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'A million times better' | Georgetown rector, DC's first positive coronavirus case, speaks about recovery

Rev. Timothy Cole spent three weeks in the hospital after becoming the District's first person to test positive for COVID-19.

WASHINGTON — After three weeks in the hospital, Reverend Timothy Cole is finally home with his family, finishing up his recovery. He was the first person to test positive for coronavirus in D.C.

"Certainly in terms of my mind and heart, a million times better than when I was in the hospital a few days ago," Rev. Cole said.

A spokesperson for Cole said he started feeling sick on Feb. 24, right after returning to D.C. from a conference in Lousiville, Kentucky days before.

RELATED: DC reverend: 'I am the individual who tested positive for the Coronavirus'

By Feb. 29, Cole reportedly started feeling much better, and even was a part of an all-day church vestry retreat. Within days, though, symptoms returned.

"In the beginning, just flu, you know, fever, sore throat, aching, shivering, all that good stuff," Rev. Cole said.

On March 5, he said he collapsed, and his family rushed him to the hospital. That's when respiratory issues emerged, and he tested positive for the coronavirus the next day.

"I had shortness of breath, I was on oxygen for a while," the Reverend said. "There’s not much any of us can do except sit around and watch your body decide whether it’s going to get better or get worse, and there’s not much any of us can do about it."

RELATED: DC coronavirus updates: Stay-at-home order issued as cases near 500

Credit: Rev. Timothy Cole
Rev. Timothy Cole shakes the hands of congregants.


Cole said being alone in a hospital bed took him down a dark road, but he had faith he would pull through. The reverend said God saw him through 20 years as an Army Chaplain, traveling to Afghanistan and Iraq during wartime.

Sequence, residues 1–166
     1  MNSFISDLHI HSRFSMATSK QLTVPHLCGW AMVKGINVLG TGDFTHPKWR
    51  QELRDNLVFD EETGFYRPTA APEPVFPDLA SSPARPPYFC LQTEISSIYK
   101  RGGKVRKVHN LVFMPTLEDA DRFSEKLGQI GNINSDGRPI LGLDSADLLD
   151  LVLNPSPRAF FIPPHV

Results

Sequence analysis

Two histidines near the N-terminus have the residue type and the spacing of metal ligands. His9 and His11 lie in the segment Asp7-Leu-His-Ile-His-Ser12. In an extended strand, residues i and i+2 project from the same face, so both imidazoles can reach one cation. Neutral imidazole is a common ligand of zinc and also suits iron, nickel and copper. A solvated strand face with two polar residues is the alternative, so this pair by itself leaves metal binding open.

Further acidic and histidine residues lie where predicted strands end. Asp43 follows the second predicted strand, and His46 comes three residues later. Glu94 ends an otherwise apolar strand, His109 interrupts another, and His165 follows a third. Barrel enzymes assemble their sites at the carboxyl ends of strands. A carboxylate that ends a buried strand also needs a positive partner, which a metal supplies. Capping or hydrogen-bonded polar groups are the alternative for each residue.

"As I was lying in that hospital room wondering what was going to happen, I just knew that God would see me through this, and he would bring me through to a new day," the Reverend said.

Thankfully, that new day saw him walking out of the hospital Friday and rejoining his wife and son, who had been self-quarantining at home. His daughter lives in London, and had been communicating with him via Facetime from overseas.

Still, it wasn't only his family who had been in quarantine. Most of his congregation--hundreds--had to self-isolate after potentially having been in contact with him during the couple of weeks that he was infectious.

"It’s scary, but…this community, just lavished me with prayers and kindness and support," Rev. Cole said. "So, if it’s frightening, well it’s never so frightening if it’s a lot of people standing beside you." 

RELATED: DC church organist tests positive for coronavirus

Credit: Rev. Timothy Cole
Rev. Timothy Cole poses with his wife and son outside of Christ Church in Georgetown.


Now that D.C., Maryland and Virginia have all issued stay-at-home orders, the virus has even more aggressively impacted people's lives. Many are scared and unsure what the future holds.

The Reverend said it's important to remember that the community and country have surmounted hurdles before, and he's confident they can again.

“It's scary, but this is what Easter, what we’re about to celebrate, is all about," Cole said. "That shut down, closed in, darkness of Good Friday in the tomb, and that waiting period for something to happen, and on Easter Sunday, that explosion of new life, new hope. Even though we can’t see the end now, we know that there will come a day when we can see the end in sight." 

He said everyone will get through the pandemic by supporting each other, and that's what he intends to do--from home.

"I really am certain that we will come out of this much, much stronger as a community than we were before," the Reverend said.

Since the closure of all non-essential businesses canceled church services, Rev. Cole said he and his colleagues are putting together a special virtual service for Easter Sunday.

RELATED: Churches around the DMV move to online services in wake of COVID-19


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